A cold front passed through the region on Wednesday, January 4th,bringing with it no more than light precipitation across northernMinnesota and the upper peninsula of Michigan (Figure 14). Lakeeffect snows fell, primarily on the light side, in the wake of thepassage of the cold front, and temperatures fell back to near normalfor this time of year (Figure 15). However, another wave of low pressuremoving out of the Great Plains brought a return of mild airnorthward on Saturday, January 7 (Figure 16). This surge of warmer air brought a prolonged area offreezing drizzle to portions of central lower Michigan. Numerouscar accidents occurred around the Ann Arbor, MI area due to the icyroads. An Ann Arbor firefighter was critically injured when shewas struck by a pickup truck while she was assisting other motoristswho had skidded off the road. One woman was ejected from her caras she collided with another vehicle in a rollover accident. Inseparate incident, a young woman was killed near Mason, MI when hersport utility vehicle rolled over. Near Grand Rapids, MI, apolice officer witnessed six additional accidents while he wasassisting a motorist who had spun out of control. Conditionsbecame so dangerous across area roadways that portions of I-94, I-69,US-23, and M-14 were closed for a period of several hours until salttrucks could sufficiently alleviate the icing situation. OnSunday, January 8, gusty southerly winds associated with an area ofdeepening low pressure (Figure 17) helped boost temperatures and record high temperatures were set atthe following locations:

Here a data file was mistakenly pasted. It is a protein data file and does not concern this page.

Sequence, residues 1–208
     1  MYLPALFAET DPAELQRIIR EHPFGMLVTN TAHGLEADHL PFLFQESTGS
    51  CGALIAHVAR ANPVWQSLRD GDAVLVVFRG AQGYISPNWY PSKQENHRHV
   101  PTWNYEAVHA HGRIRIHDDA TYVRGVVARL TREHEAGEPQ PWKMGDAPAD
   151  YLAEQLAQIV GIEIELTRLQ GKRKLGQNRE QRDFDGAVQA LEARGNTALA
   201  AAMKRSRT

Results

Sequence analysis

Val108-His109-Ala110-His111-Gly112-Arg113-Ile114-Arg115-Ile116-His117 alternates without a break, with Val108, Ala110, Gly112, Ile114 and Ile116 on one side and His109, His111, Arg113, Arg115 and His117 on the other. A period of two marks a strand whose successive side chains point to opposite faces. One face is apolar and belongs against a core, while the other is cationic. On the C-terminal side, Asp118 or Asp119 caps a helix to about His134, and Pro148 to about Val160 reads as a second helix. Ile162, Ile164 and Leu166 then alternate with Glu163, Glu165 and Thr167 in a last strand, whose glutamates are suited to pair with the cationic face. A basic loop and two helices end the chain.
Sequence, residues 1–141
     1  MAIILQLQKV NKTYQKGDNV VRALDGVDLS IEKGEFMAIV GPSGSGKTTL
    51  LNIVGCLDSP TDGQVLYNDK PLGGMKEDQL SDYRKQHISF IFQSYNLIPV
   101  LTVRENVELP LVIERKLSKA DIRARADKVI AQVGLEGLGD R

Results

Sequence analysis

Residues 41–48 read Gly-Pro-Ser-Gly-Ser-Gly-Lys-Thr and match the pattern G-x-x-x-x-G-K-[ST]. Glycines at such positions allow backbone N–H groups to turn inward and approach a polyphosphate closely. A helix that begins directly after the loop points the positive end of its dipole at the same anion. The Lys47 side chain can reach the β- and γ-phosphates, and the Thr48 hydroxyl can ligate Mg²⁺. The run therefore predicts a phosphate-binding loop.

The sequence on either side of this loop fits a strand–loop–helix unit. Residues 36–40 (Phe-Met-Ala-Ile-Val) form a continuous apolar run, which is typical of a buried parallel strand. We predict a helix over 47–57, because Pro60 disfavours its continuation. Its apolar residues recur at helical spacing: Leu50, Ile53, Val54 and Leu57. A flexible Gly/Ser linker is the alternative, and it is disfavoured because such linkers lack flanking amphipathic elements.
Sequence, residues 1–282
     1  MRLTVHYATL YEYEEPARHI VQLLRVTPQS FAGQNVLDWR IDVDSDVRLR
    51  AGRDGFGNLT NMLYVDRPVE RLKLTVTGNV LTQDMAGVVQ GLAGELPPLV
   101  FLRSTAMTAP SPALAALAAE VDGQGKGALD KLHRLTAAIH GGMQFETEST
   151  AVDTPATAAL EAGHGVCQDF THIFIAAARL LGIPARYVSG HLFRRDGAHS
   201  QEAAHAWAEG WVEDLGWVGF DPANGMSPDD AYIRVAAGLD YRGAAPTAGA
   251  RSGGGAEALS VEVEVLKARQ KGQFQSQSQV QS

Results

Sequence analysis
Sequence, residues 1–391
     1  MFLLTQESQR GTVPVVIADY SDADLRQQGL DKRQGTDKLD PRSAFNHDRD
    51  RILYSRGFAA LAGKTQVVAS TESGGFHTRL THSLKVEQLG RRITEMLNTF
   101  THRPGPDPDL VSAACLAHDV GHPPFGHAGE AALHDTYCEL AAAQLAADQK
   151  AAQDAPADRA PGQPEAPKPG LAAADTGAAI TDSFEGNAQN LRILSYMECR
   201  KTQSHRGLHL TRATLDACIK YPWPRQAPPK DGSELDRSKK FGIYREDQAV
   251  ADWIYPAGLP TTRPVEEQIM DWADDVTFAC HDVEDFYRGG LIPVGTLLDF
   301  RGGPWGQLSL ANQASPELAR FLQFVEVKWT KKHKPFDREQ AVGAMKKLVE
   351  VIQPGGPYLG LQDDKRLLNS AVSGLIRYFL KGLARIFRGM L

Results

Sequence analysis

|Bowling Green, KY
|West Plains, MO
In addition, at Paducah, KY, a new record high minimumof 43°F was set on January 8, breaking the old record highminimum of 40°F set in 1952. Will this warmweather linger into the second week of January? Find out innext week's edition of the Midwest Climate Watch.